Of course, I had the choice to conduct a more traditional analysis in the form of an essay or PowerPoint and instead pushed myself to create my blog, but I have recently realized that I cannot and will not take all of the credit for my decision to begin my journey on this platform. I would be doing myself a disfavor if I stopped at the creation of my blog, and just assumed that since I have started it, that is enough for myself to take pride in; I need to work harder at it, look for opportunities for it to grow, and try to build a community around it.

My other, and arguably more pressing, goals need to be worked towards as well. I have been lucky enough to have the privilege to spend much time just creating my goals and dreams internally, but I cannot just depend on that anymore. Sitting in a place of wonderment and of no rejection, but instead of just hopes and perceptions of potential, is a mindset that I cannot let myself be comfortable in for much longer.

I am essentially embarrassed by my lack of initiative towards certain goals of mine. I definitely could have applied for internships for NPR and Disney this semester, but I could not bring myself to actively pursue them. Throughout the open window of time for applications to be submitted, I kept telling myself that there was no way they would even accept me with my lack of experience. Well, if I do not even try or do anything to work myself to become a person who can be “sellable,” I will lose any opportunity presented to me, and this time I have for development will pass.

Therefore, I am trying to work more actively towards my goals at this point. I did sign up to be notified of volunteer opportunities for a local public radio station, I joined an organization at my college, and here I am, still making sure to be active on this blog every week, but my work cannot not stop here. The Moleskine notebook that is my life, which is currently just comprised of empty pages, should not just be left sitting, with ideas floating elsewhere and not focused towards actual work and progress. (I also must not become reliant on cheesy metaphors.) It is time to rip off the bandaid and get writing, sketching, and thinking. It will be messy, I am sure, but this form of chaos is what made so many Moleskine notebook users so legendary. My journey will not be as easy and effortless as it is in my dreams, but the actuality will be better than something that is left blank and unused.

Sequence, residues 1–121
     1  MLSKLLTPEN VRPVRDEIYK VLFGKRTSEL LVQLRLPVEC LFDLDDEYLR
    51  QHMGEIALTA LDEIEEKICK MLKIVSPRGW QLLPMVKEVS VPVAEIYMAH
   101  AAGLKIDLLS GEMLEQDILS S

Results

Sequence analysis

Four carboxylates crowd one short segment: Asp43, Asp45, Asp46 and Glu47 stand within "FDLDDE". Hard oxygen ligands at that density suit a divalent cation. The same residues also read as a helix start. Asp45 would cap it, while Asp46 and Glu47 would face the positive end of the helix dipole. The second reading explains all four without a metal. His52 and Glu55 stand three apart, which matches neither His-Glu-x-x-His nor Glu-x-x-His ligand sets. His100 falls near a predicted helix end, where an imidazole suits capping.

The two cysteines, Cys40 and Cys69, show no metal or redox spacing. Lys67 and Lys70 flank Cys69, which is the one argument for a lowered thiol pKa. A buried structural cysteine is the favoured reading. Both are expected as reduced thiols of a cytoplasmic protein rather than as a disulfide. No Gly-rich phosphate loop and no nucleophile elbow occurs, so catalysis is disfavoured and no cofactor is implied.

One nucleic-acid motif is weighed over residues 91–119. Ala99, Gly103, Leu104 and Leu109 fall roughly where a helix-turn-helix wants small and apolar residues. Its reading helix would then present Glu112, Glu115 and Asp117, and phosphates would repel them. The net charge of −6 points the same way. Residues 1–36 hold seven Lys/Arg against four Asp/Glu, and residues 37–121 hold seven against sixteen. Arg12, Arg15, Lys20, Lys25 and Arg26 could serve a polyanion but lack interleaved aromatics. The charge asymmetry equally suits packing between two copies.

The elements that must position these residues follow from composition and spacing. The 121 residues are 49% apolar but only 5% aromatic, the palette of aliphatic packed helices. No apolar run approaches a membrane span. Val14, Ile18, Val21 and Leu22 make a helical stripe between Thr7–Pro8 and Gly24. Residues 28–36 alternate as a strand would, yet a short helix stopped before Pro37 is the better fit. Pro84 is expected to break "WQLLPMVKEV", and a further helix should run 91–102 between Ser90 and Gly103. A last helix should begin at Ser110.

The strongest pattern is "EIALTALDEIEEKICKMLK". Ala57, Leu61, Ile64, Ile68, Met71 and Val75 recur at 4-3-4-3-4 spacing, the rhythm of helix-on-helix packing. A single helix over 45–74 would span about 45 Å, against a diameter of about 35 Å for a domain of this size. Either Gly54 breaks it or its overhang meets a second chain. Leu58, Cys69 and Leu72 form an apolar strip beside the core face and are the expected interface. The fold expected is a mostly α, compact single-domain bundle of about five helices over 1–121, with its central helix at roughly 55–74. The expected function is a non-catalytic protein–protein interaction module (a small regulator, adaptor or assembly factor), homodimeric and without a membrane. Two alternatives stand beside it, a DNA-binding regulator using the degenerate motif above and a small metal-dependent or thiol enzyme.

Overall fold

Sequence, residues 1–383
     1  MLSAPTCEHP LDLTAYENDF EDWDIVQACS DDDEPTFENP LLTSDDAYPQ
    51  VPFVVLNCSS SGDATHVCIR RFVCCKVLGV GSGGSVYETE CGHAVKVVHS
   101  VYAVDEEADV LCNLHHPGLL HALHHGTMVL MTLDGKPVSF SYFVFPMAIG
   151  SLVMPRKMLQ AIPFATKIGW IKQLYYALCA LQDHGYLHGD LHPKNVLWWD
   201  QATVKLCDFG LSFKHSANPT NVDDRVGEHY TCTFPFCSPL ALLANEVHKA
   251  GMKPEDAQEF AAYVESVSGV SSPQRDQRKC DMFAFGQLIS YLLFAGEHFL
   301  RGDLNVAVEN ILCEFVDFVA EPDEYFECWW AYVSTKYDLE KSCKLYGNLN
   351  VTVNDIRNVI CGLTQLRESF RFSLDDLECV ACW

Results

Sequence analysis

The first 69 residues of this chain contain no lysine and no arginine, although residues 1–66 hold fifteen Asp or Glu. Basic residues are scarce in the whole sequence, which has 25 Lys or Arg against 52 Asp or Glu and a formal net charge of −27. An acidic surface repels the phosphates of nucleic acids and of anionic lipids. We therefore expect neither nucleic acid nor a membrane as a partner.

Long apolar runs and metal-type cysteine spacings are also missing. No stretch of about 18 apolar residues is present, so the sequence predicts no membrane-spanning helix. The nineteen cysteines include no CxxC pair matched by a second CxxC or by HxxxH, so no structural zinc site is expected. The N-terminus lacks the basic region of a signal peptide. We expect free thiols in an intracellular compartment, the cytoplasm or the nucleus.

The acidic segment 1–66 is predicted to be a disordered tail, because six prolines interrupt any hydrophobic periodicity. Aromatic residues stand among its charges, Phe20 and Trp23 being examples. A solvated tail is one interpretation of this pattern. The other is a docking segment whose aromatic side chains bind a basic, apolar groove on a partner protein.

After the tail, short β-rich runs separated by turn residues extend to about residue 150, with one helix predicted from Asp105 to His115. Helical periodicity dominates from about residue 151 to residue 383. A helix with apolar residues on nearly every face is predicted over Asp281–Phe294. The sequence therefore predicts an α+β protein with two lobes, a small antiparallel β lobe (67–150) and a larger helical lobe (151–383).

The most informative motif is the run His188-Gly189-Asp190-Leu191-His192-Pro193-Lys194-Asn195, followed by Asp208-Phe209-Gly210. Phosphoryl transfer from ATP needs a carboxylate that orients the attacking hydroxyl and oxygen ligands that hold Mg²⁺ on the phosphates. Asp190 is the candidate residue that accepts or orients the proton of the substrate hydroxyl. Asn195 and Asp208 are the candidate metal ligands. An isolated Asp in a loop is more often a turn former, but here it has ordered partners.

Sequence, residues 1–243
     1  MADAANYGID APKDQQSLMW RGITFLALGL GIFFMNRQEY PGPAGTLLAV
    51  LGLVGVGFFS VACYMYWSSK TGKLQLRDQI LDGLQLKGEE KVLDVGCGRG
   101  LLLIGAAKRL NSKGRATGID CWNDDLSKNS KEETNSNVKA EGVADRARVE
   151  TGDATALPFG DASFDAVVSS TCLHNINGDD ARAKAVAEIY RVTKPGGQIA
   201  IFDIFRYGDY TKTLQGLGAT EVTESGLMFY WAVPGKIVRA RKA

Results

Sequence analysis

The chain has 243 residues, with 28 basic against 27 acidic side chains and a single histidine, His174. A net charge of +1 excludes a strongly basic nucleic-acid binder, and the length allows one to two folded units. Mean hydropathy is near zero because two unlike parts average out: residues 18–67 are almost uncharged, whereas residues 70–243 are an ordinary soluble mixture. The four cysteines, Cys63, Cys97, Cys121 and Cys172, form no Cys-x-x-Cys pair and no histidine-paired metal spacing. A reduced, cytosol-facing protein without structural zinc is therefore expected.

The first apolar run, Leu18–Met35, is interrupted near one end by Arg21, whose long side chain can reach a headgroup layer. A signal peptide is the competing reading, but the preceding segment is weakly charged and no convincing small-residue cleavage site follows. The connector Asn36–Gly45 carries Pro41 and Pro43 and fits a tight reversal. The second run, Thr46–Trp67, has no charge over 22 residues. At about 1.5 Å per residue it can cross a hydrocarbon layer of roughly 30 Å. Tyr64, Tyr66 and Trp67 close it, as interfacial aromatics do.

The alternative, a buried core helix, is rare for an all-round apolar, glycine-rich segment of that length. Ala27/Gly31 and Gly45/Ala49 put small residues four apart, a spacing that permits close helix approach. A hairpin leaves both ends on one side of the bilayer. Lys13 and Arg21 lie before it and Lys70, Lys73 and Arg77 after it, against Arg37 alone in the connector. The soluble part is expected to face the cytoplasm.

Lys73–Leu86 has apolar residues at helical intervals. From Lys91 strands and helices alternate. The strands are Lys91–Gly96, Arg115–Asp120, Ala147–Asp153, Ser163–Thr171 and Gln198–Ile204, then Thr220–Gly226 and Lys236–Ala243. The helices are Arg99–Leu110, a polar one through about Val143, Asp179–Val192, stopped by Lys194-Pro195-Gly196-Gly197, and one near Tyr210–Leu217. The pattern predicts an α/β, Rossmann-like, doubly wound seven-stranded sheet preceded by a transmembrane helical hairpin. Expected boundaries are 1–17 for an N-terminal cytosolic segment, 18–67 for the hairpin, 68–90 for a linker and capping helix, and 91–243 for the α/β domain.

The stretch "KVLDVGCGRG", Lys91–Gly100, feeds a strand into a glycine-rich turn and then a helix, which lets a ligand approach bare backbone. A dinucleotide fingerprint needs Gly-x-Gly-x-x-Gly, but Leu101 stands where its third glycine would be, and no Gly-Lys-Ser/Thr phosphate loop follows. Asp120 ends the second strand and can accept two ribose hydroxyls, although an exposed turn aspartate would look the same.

So, I cannot just say that I will start using my Moleskine notebook someday; I must start now. I have created an opportunity for myself to begin, and so I shall take advantage of it.

I finally put my name in the front of the notebook (I will write in other information later), although I chose to not write in the proposed reward for the possible return of my notebook if I ever lose it; maybe once I start to write out my ideas within the notebook I can accurately determine that dollar amount. Also, I must acknowledge that my pen was running out of ink while I was writing on the first page of the notebook, which is why it looks decidedly unpolished. Despite these flaws, at least I started, which is what I needed to do.

Have you ever realized that you essentially left your dreams in your mind, and had not acted upon them? If so, how did you bring yourself to finally get started? Please let me know.